top of page

Lucien Rae Gentil, London Independent Story Prize 2024 1st Competition Finalist, Flash Fiction Finalist 'White on White'


London Independent Story Prize 2024 1st Competition Winners and Finalist, Flash Fiction Finalist 'White on White' Lucien Rae Gentil

Can you please tell us about you and your daily life?

Most of my days are quite lovely: drinking tea, going for walks, preparing for chess tournaments, talking to friends, playing piano, reading, and, occasionally, writing. I work and study in a field that has nothing to do with literature, which is good. I get plenty of variety.


When and how did you get into writing?

I read a lot and wrote throughout school, even winning a competition there. But, like with a lot of people, my interest in literature got crushed by mountains of prescribed reading and essay-writing and other interests. It was only a couple years ago that I got back into reading, with a vengeance. I read a lot, wrote a lot, and eventually got into submitting my work places. I've gotten my work published in a few nice places now, though I have so much more to write.


How often do you write? Do you have a writing routine? And what inspires you to write?

A routine might do me a lot of good, but I wouldn't know.

Generally things go like this: I’m reading something, or a few things, that I like; I wish I could be so clever; little tid-bits enter my mind throughout the day and I put them into my weird to-do widget on my phone; eventually, I try adding sentences to them, seeing what I can make happen, whether it be 300 or 3,000 words.

It feels a lot less like art and more like a craft, like knitting a jumper, where I'm happy enough just to have made something happen.


How does it feel to have your work recognised?

It's great! I'm still so new to it, with an honest (and well-founded) expectation of rejection, so every bit of recognition is really lovely.


What's the best and most challenging thing about writing a story?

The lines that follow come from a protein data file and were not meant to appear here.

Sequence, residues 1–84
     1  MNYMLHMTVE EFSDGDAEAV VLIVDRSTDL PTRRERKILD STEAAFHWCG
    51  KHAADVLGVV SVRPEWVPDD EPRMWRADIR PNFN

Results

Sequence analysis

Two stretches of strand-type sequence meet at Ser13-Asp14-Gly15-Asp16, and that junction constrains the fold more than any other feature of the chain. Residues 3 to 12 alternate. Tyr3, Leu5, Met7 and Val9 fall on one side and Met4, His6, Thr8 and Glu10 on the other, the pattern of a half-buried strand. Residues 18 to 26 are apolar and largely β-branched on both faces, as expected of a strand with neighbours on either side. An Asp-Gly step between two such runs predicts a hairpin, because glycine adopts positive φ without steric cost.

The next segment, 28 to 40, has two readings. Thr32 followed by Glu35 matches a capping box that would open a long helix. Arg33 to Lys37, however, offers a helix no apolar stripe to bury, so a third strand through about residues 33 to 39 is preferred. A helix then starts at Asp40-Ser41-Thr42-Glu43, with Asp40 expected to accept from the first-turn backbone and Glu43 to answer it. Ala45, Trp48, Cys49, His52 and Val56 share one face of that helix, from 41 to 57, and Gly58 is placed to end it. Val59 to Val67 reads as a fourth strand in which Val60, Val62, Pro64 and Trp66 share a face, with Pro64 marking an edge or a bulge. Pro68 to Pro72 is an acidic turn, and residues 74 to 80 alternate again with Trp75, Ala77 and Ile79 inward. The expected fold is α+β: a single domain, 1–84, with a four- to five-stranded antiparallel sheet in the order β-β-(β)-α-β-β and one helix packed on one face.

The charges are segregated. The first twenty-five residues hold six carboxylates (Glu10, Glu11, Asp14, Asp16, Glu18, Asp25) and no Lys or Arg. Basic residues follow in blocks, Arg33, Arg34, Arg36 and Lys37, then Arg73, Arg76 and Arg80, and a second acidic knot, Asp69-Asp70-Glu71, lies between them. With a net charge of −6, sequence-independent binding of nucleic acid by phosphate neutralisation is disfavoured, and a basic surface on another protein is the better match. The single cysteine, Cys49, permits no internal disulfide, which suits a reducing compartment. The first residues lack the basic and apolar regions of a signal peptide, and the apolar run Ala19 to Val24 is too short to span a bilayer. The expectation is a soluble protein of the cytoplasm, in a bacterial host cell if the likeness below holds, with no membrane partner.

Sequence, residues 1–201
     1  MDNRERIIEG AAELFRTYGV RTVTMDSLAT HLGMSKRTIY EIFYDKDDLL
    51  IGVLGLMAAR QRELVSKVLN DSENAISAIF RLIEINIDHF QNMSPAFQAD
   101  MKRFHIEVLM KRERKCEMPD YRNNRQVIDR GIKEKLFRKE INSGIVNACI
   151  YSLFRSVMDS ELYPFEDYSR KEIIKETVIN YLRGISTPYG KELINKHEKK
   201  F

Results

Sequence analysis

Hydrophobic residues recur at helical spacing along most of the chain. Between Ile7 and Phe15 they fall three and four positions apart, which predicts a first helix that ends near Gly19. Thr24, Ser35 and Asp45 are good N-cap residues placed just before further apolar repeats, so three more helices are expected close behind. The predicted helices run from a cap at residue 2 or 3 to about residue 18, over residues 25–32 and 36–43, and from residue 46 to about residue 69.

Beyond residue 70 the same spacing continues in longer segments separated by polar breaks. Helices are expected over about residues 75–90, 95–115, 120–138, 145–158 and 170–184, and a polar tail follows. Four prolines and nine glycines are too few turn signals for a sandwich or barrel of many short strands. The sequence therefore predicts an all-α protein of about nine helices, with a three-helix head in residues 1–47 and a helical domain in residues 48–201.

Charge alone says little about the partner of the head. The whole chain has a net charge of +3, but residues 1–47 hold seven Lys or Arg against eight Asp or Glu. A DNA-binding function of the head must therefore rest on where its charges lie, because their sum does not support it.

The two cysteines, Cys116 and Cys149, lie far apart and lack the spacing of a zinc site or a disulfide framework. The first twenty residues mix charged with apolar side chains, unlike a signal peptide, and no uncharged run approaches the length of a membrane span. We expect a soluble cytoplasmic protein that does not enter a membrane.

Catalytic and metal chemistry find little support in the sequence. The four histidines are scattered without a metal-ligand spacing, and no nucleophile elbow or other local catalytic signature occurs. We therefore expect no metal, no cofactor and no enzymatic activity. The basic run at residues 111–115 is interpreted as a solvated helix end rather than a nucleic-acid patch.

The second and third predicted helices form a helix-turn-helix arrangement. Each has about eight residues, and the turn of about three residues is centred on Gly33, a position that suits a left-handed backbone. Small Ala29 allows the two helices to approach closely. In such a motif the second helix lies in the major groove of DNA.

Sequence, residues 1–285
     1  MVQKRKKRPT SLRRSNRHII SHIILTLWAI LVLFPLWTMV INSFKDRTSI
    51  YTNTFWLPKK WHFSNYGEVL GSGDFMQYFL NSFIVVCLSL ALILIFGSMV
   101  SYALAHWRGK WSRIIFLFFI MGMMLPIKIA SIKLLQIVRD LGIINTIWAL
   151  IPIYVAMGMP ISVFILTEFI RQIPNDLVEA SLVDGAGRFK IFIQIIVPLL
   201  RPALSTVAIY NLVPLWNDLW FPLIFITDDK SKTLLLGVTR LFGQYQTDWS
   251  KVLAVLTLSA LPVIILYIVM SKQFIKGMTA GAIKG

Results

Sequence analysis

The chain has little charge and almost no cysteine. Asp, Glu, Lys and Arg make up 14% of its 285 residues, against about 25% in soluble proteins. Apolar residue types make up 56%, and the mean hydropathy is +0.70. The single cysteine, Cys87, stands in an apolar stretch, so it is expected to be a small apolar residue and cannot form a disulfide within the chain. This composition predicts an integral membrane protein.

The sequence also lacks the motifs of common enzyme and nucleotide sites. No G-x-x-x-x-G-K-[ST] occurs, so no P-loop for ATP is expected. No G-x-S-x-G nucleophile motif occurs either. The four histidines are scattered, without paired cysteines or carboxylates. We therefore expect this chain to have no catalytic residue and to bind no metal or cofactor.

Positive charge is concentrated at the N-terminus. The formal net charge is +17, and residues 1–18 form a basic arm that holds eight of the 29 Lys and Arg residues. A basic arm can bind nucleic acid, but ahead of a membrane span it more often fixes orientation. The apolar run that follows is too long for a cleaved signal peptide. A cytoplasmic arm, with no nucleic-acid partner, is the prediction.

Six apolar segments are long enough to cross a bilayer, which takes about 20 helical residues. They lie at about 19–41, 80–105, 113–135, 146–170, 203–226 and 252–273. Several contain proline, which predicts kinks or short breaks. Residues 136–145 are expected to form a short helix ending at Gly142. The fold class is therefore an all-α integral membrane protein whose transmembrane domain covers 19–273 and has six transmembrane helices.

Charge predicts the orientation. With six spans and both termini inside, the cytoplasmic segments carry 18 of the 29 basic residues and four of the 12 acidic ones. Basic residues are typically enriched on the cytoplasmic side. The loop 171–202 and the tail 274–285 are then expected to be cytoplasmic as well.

For both: finishing it. I can get a lot done on the fun parts, like openings. But putting in the time to fill in the gaps and get to the end is tricky. But maybe it's better that way, so I only finish pieces that really deserve it.


How did you develop the idea for your LISP-selected story? Is there a story behind your story?

I was changing my bedsheets from winter to summer ones, and found that while I'd both call them white, side by side, they looked like completely different colours.

I guess, at the time, I felt something more to it. Something about meaning and a struggle to be sure about anything or to find anything concrete enough not to doubt it.

The title---White on White---lines up with that Malevich painting. It's the kind of painting I'd often hate, but for some reason I quite like this particular one. Maybe because it's not too famous.


Can you please give us a few tips about writing a story?

I'm not sure at all. I get the feeling that if there are tips that would easily and universally improve your writing, you would have heard them already. I want to write stuff I like, so nothing is more helpful than reading stuff I like.


What's the best thing and the most challenging thing about competitions?

The best thing is having a deadline. It's great to have something finally take that endless re-writing away from me.


Lastly, do you recommend the writers submit to LISP?

How crazy would it be for me to say no? I won't, though. It's a great reason to finish and part with a piece. And you're in good company.



39 views

Comments


bottom of page